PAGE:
Dug mainly by hand, work on the tunnels first began during the resistance to French occupation in the late 1940s then continued on a much larger scale in the 1960s and 1970s.
The subterranean passages allowed the guerrilla army to control large swathes of rural South Vietnam and strike strategically important targets at will before disappearing seemingly by magic.
In heavily bombed areas like Cu Chi, about 70km west of Saigon, entire villages of people reportedly spent most of their lives in underground communities – only coming out at night to scavenge for supplies, tend their crops and kill American troops.
The tunnels had living quarters, kitchens, toilets, wells, meeting rooms, bomb shelters, classrooms and even large entertainment chambers for music and films.
Meanwhile, the entrances were camouflaged and rigged with booby traps, including spiked pits or tripwires attached to grenades or boxes of scorpions which would fall on the victims’ heads.
Hidden trapdoors in the tunnels led to even lower levels – up to 14m deep – providing escape and supply routes. When the Americans tried to flush the Viet Cong out with gas the trapdoors were closed and when the Americans flooded the tunnels with water the trapdoors were opened to allow the water to flush out into the Saigon River.
The Viet Cong were even able cook underground undetected by filtering the smoke from their fires through a series of chambers that exited far away under termite mounds, and they would only do it once a day when the puffs would be indistinguishable from the morning fog.
It took years for the Americans to realise the true scale and strategic importance of the tunnels and even then attempts to destroy them – including carpet bombing with tonnes of explosives and defoliants and the deployment of specially trained troops dubbed “tunnel rats” – were largely unsuccessful.
However, the tunnels were both a sanctuary and a hell. They provided protection as the bombs, napalm and toxic chemicals rained down from the Americans’ B52s but sickness and malnutrition were rife in the terrifying insect and vermin infested darkness. Thousands died of illnesses, especially malaria.
The Cu Chi network – estimated to consist of about 200km of tunnels between Saigon and the Cambodian border – was especially crucial in the planning and execution of the massive Tet Offensive in 1968 that effectively broke the American government’s will to continue the war.
After the conflict officially ended in 1975 the Vietnamese government decided to preserve some of the tunnels at Cu Chi as a memorial. The area is now one of the most visited tourist attractions around Saigon with tours giving hundreds each day some insight into this important facet of the Vietnam war.
I went with a group of backpackers – mostly British and Americans – on a tour booked through my hostel. It cost 100,000 dong ($A5) plus another 90,000 dong ($A4) for the entrance fee and took about two hours on the bus each way.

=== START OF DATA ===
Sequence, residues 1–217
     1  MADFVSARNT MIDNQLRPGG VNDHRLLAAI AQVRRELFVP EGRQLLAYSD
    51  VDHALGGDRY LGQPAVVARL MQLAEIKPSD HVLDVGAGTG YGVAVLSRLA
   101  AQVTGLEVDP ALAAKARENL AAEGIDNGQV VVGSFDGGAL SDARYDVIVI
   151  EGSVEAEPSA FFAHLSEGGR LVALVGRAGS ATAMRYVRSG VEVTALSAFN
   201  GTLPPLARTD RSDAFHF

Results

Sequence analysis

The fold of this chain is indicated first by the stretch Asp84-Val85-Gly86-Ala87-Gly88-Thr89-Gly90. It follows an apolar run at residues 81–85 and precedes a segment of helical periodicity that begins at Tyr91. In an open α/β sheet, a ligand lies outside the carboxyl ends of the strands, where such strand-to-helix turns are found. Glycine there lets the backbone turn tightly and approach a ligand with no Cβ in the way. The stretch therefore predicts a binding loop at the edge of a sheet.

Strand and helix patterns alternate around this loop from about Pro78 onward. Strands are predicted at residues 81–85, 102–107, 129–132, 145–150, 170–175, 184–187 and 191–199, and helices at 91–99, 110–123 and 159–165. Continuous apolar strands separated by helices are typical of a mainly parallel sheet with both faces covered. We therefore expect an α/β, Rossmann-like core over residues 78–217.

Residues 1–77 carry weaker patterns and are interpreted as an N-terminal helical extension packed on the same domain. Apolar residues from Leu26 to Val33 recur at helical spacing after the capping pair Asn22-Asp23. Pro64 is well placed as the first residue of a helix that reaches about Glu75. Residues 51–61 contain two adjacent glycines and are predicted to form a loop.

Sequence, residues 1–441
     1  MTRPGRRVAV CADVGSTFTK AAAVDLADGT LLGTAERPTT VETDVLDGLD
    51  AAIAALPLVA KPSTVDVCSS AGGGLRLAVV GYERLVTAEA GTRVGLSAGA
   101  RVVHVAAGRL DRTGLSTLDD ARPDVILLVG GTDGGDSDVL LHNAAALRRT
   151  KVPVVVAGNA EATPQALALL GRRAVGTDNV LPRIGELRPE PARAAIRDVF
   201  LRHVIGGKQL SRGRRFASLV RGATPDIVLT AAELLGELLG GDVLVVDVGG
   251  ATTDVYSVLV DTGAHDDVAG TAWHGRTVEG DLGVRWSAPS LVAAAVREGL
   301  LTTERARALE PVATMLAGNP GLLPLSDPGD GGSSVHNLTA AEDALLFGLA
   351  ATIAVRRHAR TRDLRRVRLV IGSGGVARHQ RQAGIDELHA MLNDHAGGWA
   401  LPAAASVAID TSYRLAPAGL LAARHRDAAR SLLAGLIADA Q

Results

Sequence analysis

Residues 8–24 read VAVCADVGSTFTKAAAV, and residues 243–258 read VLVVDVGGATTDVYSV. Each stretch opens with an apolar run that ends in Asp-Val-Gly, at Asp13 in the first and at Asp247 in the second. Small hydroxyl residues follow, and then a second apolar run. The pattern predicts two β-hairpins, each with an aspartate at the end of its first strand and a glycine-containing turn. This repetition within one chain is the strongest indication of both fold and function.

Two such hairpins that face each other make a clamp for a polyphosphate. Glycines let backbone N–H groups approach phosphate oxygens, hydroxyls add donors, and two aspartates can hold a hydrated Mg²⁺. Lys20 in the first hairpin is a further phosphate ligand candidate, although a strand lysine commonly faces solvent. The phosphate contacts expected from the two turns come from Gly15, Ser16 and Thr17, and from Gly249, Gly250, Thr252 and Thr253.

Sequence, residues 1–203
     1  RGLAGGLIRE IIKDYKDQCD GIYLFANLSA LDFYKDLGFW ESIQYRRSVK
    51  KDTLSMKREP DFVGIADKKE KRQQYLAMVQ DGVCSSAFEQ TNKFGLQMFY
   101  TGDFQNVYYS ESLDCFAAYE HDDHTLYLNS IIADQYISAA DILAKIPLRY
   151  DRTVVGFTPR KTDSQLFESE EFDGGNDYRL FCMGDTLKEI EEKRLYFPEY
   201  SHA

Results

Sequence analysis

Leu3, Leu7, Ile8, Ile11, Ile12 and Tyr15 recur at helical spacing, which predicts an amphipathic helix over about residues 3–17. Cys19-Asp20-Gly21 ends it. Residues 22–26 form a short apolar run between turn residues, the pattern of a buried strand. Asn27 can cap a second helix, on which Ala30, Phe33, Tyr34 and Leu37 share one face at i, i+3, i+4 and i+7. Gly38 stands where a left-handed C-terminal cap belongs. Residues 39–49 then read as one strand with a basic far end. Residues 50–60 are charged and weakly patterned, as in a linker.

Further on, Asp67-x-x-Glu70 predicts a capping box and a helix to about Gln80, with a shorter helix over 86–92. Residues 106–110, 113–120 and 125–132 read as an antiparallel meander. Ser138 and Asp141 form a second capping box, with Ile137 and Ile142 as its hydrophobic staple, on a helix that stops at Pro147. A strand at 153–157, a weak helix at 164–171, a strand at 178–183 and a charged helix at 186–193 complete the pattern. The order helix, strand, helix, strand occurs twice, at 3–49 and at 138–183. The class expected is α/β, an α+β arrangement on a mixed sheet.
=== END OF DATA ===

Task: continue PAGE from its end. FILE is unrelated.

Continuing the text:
Once we arrived at the memorial the first stop was to watch an old black and white propaganda flick railing against the Americans who indiscriminately bombed “local women, children, livestock and poultry, trees, land and even Buddha statues” and profiling the brave “American killer heroes” – apparently mainly little girls and women – who each slaughtered the GIs in their “hundreds”.
Then our guide Chi led us through the forest along wide dirt paths pointing out various exhibits: a cramped “spider hole” like the ones in which the guerrillas would sit and wait for the enemy, a display of spiked pit trap devices backed by a colourful mural depicting them in action, a wrecked American M41 tank and a roofed bunker housing a group of mannequins recycling unexploded bombs into new weapons.
We had lunch nearby a gun range which offered the opportunity to blast off a few rounds from M16s, M60s and AK47s for up to 40,000 dong per bullet (about $A2). It was an experience munching on my bahn mi sandwich amidst the sounds of automatic weapons being gleefully emptied at a clay hill. I’d never been that close to gunfire before. It’s very, very loud. “BLAM… BLAM, BLAM, BLAM… DUHDUHDUHDUHDUHDUHDUHDUHDUH. Whoooo!” .
The final exhibit was a recreation of one the tunnels about 30m long and built, with western tourists in mind, a bit larger than the real tunnels; the roof was high enough that you could duck walk crouched down.
Even though there were lights every few metres and exit tunnels regularly running off either side waddling through it was a hot, dirty and claustrophobic experience. At least there weren’t any snakes or spiders.
Visiting the Cu Chi tunnels memorial was genuinely interesting. Yeah, the information presented was one-sided and propaganda-ish, but probably not any more so than the American-produced movies and television shows about the war.
Surely, it’s only by looking at both sides of any story that you can really get any sense of the horrific truth about something like the Vietnam War.